Army CCF Camp
While the majority of pupils were catching up with family – or on sleep and laundry – 17 College pupils set off for Crowborough on the day after Speech Day to spend the first week of their summer holidays on Army Camp. For the second year, our numbers were boosted by a group of Year 9 pupils from Ratton School who have been training with the College CCF in our partnership initiative.
Monday morning saw us making our way into the woods for some paintball target shooting, the first element of a varied range day that saw the cadets fire all three of the main cadet weapons systems: the Scorpion Air Rifle, the small-bore No.8 Rifle, and the full-bore Cadet GP Rifle. The cadets also took on the challenge of an Army obstacle course, had a go at archery, and greatly enjoyed the mayhem of a series of outdoor Laserquest team battles.
Tuesday, a day of fieldcraft training at Pippingford Park, was a real scorcher. With the safety staff keeping a close eye on the soaring temperature, and the school staff keeping a close eye on the cadets, our group did well to keep hydrated and motivated and was able to undertake three of the four planned training activities: an interest stand handling British Army equipment and foreign weaponry, an introduction to the doctrine of ambush drills that culminated in a short exercise firing blanks, and a sniper stalk to test individual fieldcraft skills. By mid-afternoon, the temperature had reached a critical point and we missed out on the fourth – and most demanding – activity. Nevertheless, the cadets had proven that their weapons handling skills were good, and their attitude towards the activities was the best of the four school contingents out on the area that day.
With the temperature continuing to rise, training for the Wednesday was condensed into a long morning, with just an hour given over to each of four military skills activities. While the first aid training was a giddy rush, the command tasks were all enjoyable challenges (and one of our teams recorded the day’s fastest successful traverse of a simulated minefield), the cadets learned how to make a fire in a survival situation, and the shortened day’s training ended with a refreshing dip while improvising a flotation device at the watermanship stand. Back in camp for the afternoon, we settled in the shade to a leisurely session of boot polishing, began to think about teams for the following day’s competition day, and exchanged sweaty and dusty uniforms for fresh sets in readiness for this.
Thanks to a faulty alarm clock and a broken lace, it proved a challenge to muster a full team for the light breakfast laid on at 0600 prior to our school’s slot in the March & Shoot competition. (This had swiftly been dubbed the "March & Arch" by one wag when it was announced that, for some inexplicable reason, cadets would shoot with bow and arrow rather than rifles this year.) At least the ten cadets were on time for their warm up at 0650 prior to completing a fast circuit of the camp, after which four went off to shoot while six were put through their paces on the obstacle course. When the scores were totted up, we were just outside the medal positions, in fourth place. Nine other events followed (at more agreeable times) and our contingent put in a different team for each event in order to involve everyone in something they had volunteered to try. While we by no means repeated the remarkable success of last year’s camp, we did score first place in one event: survival – ours was the fastest team to gather wood, build and light a fire and boil enough water for a cup of tea. A very British outcome for the contingent from a genteel seaside town!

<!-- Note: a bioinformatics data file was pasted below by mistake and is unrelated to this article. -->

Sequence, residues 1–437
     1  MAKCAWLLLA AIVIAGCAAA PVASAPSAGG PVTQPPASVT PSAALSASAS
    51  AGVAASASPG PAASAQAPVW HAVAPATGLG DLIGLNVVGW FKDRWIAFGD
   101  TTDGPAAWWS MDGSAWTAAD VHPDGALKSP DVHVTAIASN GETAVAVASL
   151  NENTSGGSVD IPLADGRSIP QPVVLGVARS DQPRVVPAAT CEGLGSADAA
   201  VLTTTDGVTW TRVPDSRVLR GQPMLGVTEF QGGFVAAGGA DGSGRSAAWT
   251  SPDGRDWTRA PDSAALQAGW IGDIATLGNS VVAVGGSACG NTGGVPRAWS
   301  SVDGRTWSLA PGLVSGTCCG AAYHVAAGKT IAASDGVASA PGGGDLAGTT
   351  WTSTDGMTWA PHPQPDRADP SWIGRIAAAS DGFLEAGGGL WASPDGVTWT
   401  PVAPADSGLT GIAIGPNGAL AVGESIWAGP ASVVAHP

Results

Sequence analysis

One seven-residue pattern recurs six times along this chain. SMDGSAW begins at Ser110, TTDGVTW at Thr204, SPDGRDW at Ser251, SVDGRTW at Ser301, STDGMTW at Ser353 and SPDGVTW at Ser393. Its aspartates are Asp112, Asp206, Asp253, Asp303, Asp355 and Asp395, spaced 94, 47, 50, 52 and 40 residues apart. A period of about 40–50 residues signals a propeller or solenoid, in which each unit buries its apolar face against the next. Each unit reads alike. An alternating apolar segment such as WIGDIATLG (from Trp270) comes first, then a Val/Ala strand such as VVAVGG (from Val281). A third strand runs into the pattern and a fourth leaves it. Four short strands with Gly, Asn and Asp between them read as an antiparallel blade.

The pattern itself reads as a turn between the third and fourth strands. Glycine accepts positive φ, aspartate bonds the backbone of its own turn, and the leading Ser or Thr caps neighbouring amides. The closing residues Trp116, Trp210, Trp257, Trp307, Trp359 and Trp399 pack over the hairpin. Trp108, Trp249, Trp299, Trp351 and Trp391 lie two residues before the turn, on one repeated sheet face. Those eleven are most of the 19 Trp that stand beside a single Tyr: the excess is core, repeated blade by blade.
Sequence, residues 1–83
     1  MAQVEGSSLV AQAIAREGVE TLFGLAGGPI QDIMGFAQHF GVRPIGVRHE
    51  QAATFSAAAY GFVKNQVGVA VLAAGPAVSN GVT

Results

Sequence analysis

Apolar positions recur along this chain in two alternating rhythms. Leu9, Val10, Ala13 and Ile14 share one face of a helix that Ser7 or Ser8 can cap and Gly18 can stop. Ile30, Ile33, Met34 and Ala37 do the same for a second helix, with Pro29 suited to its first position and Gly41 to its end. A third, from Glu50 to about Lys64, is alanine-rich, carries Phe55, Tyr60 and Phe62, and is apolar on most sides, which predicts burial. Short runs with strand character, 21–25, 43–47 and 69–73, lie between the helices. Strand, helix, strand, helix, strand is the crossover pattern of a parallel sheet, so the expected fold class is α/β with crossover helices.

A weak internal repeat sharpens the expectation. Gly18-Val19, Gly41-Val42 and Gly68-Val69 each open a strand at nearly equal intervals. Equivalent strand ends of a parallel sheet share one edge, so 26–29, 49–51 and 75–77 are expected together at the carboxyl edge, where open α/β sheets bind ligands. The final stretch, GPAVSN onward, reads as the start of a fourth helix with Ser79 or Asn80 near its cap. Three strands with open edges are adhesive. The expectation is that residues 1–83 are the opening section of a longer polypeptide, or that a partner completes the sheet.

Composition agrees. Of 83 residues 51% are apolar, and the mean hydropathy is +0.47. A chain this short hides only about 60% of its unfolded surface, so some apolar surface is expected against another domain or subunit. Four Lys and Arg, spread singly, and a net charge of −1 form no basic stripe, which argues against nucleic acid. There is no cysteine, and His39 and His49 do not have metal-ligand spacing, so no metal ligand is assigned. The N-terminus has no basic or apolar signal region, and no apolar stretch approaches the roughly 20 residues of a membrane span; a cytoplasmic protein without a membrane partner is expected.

We stepped off on our tactical exercise during the late morning on Friday, following a plan that allowed for both the exceptional heat and the relative inexperience of field manoeuvres of a sizeable proportion of the contingent. A platoon harbour was duly established, from which a full strength fighting patrol was sent off to ambush the enemy party (a role filled with alacrity by our two senior cadets). The staff were pleased that the cadets took this seriously, were very quiet and moved with appropriate care to and from the objective. The weather broke upon our return and a dramatic thunderstorm sent everyone scurrying for their shelters. After preparing their own breakfast the next morning, the platoon found itself under an attack which it fended off for as long as ammunition would allow, before a hasty withdrawal and the end of the exercise. So ended a week that certainly maximised the cadet experience for those who attended.
Report by Captain PD Martin, Officer Commanding, Army CCF Section